For both parts, geographically and historically accurate base maps will be prepared by our team cartographer. Graphics development will be using Blender. The game engine will be Unity.


      More information, and examples of the work carried out so far can be found at http://playgovernor.com/ (most of the interesting content is under the Encyclopedia tab).


      This project represents a good opportunity for upcoming programmers and 3D modeling artists to develop something for their portfolios in a relatively short time span, working closely with one of Canada’s leading cartographers. There is also the possibility of being involved in this project to the point of a finished game and commercial success! Above all, this is a fun project to work on.


      Best regards,

      Steve Chapman (Canadian Map Makers)

    • By Scouting Ninja
      So I have hundreds of moving objects that need to check there speed. One of the reasons they need to check there speed is so they don't accelerate into oblivion, as more and more force is added to each object.
      At first I was just using the Unity vector3.magnitude. However this is actually very slow; when used hundreds of times.
      Next I tried the dot-product check:  vector3.dot(this.transform.foward, ShipBody.velocity) The performance boost was fantastic. However this only measures speed in the forward direction. Resulting in bouncing objects accelerating way past the allowed limit.
      I am hoping someone else knows a good way for me to check the speed with accuracy, that is fast on the CPU. Or just any magnitude calculations that I can test when I get home later.
      What if I used  vector3.dot(ShipBody.velocity.normalized, ShipBody.velocity)?
      How slow is it to normalize a vector, compared to asking it's magnitude?
    • By Ds ds
      Hi, my name is Andres, I'm a programmer with a technician degree and a Diploma in C#, looking for a project in Unity to start my career in game development. I don't do it for a paid but a recognition and start a portfolio, preferably a 2D game. Thanks for read, have a nice day. 
    • By Victor Rodriguez
      Hi there! Is the first time that I'm posting here so I'm sorry if I'm doing it wrong ha. 
      So here it comes, my doubt is, I'm doing a game with different levels, each of these levels in one different scene. Each scene contains to cameras that you can change pressing a button. Everything works fine. 
      The only problem is that I would like it to look a bit more professional, and I would like that if you finish the level with camera2, the next level start the same way. I've been thinking about using dontdestroyonloadon both cameras, but obviously this cameras need to be attached to the player to make the movement work, what do you recommend? Sorry If I've explained it in a messy way, and feel free to dm me for anything. Thanks in advance! 
    • By Ike aka Dk
      Hello everyone 
      I am a programmer from Baku.
      I need a 3D Modeller for my shooter project in unity.I have 2 years Unity exp.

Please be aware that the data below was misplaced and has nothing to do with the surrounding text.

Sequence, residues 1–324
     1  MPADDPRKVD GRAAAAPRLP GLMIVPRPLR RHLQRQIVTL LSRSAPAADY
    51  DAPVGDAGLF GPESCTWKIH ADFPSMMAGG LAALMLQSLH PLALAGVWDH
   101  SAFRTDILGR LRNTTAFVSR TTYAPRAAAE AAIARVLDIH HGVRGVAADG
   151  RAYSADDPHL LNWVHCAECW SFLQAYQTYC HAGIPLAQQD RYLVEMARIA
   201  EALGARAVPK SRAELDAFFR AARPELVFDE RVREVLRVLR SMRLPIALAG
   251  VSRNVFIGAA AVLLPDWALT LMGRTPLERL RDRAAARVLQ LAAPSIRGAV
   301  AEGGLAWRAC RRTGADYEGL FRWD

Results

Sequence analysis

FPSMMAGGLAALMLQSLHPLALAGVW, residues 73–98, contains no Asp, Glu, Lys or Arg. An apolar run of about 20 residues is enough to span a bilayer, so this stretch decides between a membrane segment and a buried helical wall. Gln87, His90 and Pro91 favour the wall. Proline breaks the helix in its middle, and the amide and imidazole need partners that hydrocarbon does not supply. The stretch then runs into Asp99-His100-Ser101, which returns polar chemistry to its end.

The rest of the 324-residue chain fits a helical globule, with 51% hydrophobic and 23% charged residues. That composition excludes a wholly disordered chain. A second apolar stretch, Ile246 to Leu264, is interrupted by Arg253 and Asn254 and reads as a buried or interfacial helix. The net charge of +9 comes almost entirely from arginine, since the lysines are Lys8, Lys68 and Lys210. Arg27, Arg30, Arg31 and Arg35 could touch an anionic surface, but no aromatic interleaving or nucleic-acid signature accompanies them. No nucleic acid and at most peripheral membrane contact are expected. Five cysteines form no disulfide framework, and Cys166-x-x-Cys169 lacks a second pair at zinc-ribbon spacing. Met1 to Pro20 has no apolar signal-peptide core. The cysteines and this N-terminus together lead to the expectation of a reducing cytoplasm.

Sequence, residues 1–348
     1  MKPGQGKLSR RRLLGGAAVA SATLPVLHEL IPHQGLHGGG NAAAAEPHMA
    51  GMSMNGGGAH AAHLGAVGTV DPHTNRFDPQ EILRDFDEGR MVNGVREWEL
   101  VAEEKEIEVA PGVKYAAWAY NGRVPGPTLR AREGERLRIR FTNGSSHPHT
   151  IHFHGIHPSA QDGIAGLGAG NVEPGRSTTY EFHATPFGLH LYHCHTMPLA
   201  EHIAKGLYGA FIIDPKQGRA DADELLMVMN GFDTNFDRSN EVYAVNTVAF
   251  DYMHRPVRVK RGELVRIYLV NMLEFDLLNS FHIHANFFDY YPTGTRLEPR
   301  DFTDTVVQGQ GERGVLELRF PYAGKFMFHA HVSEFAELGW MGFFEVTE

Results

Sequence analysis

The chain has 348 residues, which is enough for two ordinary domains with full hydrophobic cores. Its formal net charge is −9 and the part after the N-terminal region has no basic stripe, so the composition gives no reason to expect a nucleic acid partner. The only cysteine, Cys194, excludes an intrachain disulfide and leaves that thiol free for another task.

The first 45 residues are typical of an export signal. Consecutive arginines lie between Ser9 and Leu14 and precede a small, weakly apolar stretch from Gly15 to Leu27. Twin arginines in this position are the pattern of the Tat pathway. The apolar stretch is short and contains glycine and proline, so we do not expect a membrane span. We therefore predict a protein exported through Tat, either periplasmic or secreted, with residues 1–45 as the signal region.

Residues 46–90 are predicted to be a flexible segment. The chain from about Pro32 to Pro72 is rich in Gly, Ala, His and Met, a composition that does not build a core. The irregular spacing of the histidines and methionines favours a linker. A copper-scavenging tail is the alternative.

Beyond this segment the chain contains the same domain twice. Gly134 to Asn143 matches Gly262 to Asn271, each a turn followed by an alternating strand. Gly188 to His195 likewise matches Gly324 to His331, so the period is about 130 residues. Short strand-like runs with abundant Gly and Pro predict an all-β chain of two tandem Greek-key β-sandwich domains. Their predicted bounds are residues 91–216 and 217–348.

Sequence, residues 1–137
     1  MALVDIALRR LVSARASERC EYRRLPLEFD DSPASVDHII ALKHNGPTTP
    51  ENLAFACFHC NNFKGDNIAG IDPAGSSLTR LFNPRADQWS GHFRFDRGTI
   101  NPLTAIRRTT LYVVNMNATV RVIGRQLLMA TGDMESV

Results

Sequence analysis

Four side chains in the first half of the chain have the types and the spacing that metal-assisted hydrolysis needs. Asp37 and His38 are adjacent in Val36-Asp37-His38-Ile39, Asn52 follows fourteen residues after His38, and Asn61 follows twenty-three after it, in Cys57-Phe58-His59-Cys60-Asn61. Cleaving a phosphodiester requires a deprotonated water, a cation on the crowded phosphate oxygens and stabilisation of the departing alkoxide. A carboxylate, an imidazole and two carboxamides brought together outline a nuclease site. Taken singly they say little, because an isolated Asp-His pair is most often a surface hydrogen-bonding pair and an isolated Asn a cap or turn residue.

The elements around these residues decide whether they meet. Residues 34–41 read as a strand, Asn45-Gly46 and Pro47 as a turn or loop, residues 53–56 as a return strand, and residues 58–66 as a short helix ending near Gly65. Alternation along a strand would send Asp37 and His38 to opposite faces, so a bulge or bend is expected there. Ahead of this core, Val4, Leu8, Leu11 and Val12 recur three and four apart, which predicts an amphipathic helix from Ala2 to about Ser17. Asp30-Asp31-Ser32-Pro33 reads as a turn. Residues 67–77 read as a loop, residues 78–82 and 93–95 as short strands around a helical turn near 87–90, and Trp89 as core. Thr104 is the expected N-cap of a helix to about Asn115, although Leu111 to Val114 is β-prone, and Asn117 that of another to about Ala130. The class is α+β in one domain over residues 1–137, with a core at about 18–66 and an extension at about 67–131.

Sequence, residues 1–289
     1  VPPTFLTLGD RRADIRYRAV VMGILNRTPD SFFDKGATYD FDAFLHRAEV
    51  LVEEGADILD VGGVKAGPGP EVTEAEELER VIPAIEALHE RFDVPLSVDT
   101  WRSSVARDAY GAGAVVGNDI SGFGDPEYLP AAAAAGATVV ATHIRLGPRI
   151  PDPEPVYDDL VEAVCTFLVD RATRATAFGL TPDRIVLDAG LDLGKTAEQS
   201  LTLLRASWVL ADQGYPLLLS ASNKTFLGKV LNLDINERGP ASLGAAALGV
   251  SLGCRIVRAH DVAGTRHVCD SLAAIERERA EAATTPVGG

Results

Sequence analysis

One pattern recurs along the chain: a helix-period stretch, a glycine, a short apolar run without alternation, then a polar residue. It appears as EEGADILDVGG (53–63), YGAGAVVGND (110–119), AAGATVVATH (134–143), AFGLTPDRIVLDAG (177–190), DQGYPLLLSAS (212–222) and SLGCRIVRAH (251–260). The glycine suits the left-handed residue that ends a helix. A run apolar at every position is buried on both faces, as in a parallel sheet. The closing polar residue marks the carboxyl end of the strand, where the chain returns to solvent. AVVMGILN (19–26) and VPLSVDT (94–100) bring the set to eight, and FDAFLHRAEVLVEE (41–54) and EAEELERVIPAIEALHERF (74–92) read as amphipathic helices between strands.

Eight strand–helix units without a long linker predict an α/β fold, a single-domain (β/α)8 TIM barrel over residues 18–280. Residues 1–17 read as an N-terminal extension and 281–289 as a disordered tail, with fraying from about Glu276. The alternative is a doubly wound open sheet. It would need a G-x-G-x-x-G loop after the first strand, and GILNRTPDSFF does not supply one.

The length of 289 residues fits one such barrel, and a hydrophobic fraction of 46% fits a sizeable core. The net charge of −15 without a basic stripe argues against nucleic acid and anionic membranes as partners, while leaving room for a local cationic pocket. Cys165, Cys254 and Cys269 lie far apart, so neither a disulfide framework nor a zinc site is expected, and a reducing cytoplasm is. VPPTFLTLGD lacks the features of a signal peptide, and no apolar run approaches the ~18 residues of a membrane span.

Project will paid when we finish the work 
      If you interested write me on email:
    • By markoal
      I'm Unity developer from Croatia and I'm looking to work on the paid project in my spare time.
      I have 5+ years of experience in Unity and I'm familiar with almost anything, including all platforms (also Switch, PS4 and Xbox).
      Feel free to contact me.
    • By bartekm777
      About me
      Lvl 28   Programmer (day job: non-gamedev-programmer, making games as a hobby for about 2 years) Some vector art experience - tried to make some assets on my own using vector software and scripts   Some design experience (designing my own games ) About game
      Turn-based fantasy rpg inspired by games like Heroes 3 (also WoG mod), NEO Scavenger, Battle Brothers I would like to create easy to use editor for creating custom scenarios (similar to the one from Heroes 3) World and story are clean slate, I did some drafts but I'm not good at it so it's possibly subject to change I decided to create graphics using vector software + scripts to make it faster (rpg's tend to have lots of assets), also it's more precise and easier to create tileable graphics (for example: rivers, paths) No sound/music work has been done yet Who do I look for?
      Definitely someone with 2d art skills  I would like to focus more on programming 2D animator (skletal animations are preferred) Additional programmer could make development faster Someone for creating sounds/music/both It's a hobby project, I work on it in my free time. In case the project make it to the finish line and get shipped  - I can offer rev-share  
      Below should be few screens of what I already did (about 2 months of work) - some graphics, editor prototype screenshot and game prototype screenshot

  • Advertisement
  • Popular Now

  • Forum Statistics

    • Total Topics
    • Total Posts

Important Information

By using GameDev.net, you agree to our community Guidelines, Terms of Use, and Privacy Policy.

Participate in the game development conversation and more when you create an account on GameDev.net!

Sign me up!